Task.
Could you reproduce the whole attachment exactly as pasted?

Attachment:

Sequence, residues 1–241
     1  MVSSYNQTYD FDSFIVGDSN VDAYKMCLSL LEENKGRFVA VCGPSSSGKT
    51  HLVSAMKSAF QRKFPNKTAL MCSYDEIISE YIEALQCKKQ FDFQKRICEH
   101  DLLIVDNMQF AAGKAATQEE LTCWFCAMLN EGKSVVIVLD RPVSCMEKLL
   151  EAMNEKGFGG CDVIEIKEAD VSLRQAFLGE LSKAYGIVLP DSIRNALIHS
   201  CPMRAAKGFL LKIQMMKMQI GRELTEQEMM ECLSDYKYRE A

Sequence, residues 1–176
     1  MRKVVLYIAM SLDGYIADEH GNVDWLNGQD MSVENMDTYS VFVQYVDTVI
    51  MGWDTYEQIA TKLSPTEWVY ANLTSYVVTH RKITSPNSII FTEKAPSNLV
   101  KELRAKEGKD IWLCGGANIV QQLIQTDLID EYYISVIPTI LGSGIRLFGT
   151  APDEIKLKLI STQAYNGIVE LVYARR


Sequence, residues 1–241
     1  MVSSYNQTYD FDSFIVGDSN VDAYKMCLSL LEENKGRFVA VCGPSSSGKT
    51  HLVSAMKSAF QRKFPNKTAL MCSYDEIISE YIEALQCKKQ FDFQKRICEH
   101  DLLIVDNMQF AAGKAATQEE LTCWFCAMLN EGKSVVIVLD RPVSCMEKLL
   151  EAMNEKGFGG CDVIEIKEAD VSLRQAFLGE LSKAYGIVLP DSIRNALIHS
   201  CPMRAAKGFL LKIQMMKMQI GRELTEQEMM ECLSDYKYRE A

Sequence, residues 1–176
     1  MRKVVLYIAM SLDGYIADEH GNVDWLNGQD MSVENMDTYS VFVQYVDTVI
    51  MGWDTYEQIA TKLSPTEWVY ANLTSYVVTH RKITSPNSII FTEKAPSNLV
   101  KELRAKEGKD IWLCGGANIV QQLIQTDLID EYYISVIPTI LGSGIRLFGT
   151  APDEIKLKLI STQAYNGIVE LVYARR